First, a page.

28.I am glad that Mr Dennis Tan is supportive of the scheme, and is even calling for the expansion of the scope to glass bottles and beverage cartons.
a.We are first targeting plastic bottles and metal cans because they are easy to collect, compactible, and have high material value. They also comprise about 70% of beverage containers put to market.
b.Including glass bottles or beverage cartons would add complexity and cost to collection logistics and infrastructure. They will continue to be recycled under the National Recycling Programme after the scheme begins.
c.We will monitor the scheme closely and assess the need to expand coverage if necessary or to include them in future phases of the wider EPR scheme for packaging.
29.Mr Shawn Huang asked how the scheme would work for cross-border commercial activities, such as food and beverage services onboard aircrafts and ships.
a.There are varying circumstances in how the beverages are supplied to aircraft and ships, as well as where the beverage containers are then disposed of. NEA has been engaging industry to develop suitable arrangements for such activities.
FOOD WASTE REPORTING FRAMEWORK
30.Finally, on the new food waste reporting requirements.
Types of buildings covered
31.Mr Yip Hon Weng asked if we would consider requiring other types of buildings, such as SAF cookhouses, schools and hospitals, to segregate food waste for treatment and submit reports.
a.Under GreenGov.SG, public sector buildings with food and beverage or F&B establishments will segregate the food waste for on-site or off-site treatment from 2024. This would include SAF cookhouses, schools and public hospitals.
b.Some public sector buildings have already done so. For instance, several polytechnics have introduced food waste segregation measures and installed on-site food waste digesters at F&B areas within their premises.
c.For non-public sector buildings, we will explore extending the segregation and reporting requirements to more types of buildings over time.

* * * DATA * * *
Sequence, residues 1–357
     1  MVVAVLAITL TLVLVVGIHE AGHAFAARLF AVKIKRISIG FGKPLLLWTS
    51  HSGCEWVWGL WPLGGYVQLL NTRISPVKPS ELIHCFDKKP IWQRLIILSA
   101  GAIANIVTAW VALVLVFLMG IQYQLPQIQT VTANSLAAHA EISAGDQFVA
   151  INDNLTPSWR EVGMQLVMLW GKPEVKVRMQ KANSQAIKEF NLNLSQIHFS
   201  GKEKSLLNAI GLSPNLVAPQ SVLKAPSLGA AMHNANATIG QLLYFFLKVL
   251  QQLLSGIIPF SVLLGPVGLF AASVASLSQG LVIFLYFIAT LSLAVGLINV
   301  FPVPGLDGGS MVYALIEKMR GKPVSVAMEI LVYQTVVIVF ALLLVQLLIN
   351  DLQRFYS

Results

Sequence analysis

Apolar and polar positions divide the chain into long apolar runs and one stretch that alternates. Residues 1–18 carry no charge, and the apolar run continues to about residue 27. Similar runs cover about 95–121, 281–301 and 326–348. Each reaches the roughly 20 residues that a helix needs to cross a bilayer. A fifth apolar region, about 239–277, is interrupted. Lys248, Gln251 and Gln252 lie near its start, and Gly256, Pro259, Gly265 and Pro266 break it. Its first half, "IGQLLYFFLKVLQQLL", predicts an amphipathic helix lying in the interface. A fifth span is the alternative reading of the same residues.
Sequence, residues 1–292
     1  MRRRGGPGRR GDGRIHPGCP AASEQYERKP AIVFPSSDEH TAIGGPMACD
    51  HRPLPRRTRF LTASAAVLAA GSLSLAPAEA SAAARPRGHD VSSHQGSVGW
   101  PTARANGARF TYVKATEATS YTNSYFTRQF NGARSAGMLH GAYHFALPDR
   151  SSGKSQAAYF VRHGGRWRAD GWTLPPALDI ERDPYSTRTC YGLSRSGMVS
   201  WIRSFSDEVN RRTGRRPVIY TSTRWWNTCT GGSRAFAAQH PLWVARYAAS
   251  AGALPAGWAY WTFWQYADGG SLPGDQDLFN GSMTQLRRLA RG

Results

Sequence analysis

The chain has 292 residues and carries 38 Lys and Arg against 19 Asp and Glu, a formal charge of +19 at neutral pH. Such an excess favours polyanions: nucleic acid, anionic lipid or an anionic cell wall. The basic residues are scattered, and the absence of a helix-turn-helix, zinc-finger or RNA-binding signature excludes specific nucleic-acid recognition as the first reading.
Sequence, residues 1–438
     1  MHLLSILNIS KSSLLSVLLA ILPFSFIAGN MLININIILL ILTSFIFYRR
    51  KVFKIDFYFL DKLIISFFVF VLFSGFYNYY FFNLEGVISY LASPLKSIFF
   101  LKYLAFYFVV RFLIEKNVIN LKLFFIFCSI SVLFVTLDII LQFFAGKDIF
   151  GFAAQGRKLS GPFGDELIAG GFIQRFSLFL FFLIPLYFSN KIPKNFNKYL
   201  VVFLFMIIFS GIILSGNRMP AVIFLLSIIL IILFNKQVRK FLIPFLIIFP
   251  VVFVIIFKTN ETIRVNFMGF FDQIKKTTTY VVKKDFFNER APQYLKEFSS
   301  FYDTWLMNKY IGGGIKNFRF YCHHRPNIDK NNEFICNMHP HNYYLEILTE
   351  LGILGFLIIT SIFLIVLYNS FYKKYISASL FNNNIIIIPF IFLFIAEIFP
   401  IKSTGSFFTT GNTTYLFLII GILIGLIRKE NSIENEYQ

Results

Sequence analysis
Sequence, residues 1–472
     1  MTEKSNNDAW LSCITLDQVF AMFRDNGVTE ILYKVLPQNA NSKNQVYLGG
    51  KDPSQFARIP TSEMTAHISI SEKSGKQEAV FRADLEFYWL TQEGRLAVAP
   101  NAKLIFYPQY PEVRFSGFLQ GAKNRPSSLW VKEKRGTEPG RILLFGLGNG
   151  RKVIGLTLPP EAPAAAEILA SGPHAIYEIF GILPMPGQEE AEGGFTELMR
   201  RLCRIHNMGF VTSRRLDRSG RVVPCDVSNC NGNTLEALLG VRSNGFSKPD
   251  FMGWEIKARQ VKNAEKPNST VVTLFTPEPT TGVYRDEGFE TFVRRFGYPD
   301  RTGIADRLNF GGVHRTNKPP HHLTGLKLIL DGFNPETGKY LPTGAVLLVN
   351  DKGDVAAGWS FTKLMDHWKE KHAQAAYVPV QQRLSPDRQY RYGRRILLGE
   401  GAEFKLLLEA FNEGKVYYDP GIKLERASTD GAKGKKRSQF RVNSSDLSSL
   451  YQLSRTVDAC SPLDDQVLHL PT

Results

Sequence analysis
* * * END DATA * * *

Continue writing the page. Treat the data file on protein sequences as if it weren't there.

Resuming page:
Off-site food waste treatment
32.Mr Yip Hon Weng and Mr Shawn Huang asked about off-site food waste treatment for new buildings.
a.NEA will not determine which off-site treatment facility building managers should send their food waste to. Building managers can determine this based on their business considerations, and submit their proposal for NEA’s approval.
b.Our intent is to encourage higher value-added processes, such as valorising food by-products into animal feed ingredients or even new food products. More details on the approval criteria will be provided when ready.
c.The food waste must be transported by licensed General Waste Collectors in a manner that safeguards public health.
33.Mr Don Wee suggested that food caterers should take back leftover food from their clients’ events for segregation and reporting. He asked if we would consider imposing penalties on those who dispose of the food waste at the clients’ premises.
a.It is primarily the consumers’ responsibility to avoid food wastage by ordering just enough food for their guests.
b.We encourage everyone to adopt such sustainable practices to minimise food waste from catering events.
34.Mr Don Wee asked about the food waste reporting requirements and frequency.
a.To minimise compliance burden, we will only require key data to be submitted annually, such as the building level tonnages.
35.Mr Louis Ng asked if we would consider requiring food donation amounts to be reported.
a.We will not require this as donated food is not food waste. We agree that donating excess food which is safe for consumption will reduce the amount of food waste, and the latter will be reported.
36.Regarding the Good Samaritan Food Donation Bill, MSE, with MCCY and MSF, will continue to work closely with Mr Ng’s team on this.
Measures to encourage food waste segregation and recycling in households
37.Ms Joan Pereira asked if there is any support provided for community food waste collection and composting solutions to close the food waste loop for households.
a.Ms Pereira will be glad to know that the SG Eco Fund has supported many such initiatives in the community, such as food waste collection drives, composting and gardening workshops, as well as initiatives that mobilise residents to bring their food waste to a central collection point to be turned into compost for their local community gardens.
b.Under the Green Action for Communities movement, we are hearing good ideas from residents, including on handling food waste. MSE and Green Plan agencies will work with residents to bring these ideas to fruition.
38.Let me conclude. The proposed changes set out in this Bill represent our next steps in this journey towards zero waste and a circular economy.
a.In particular, the beverage container return scheme and disposable carrier bag charge will require individuals to adjust their daily lives and habits.
b.Life-as-usual and business-as-usual cannot continue if we are to responsibly steward our resources and environment.
c.Each of us has a responsibility to reduce carbon emissions, conserve Semakau Landfill, and enhance resource resiliency.
d.By reducing waste and recycling right, we can do our part to combat climate change and ensure that Singapore remains clean, green and liveable.
39.I call on all Members of the House to give your support to this Bill. Mr Speaker, I beg to move.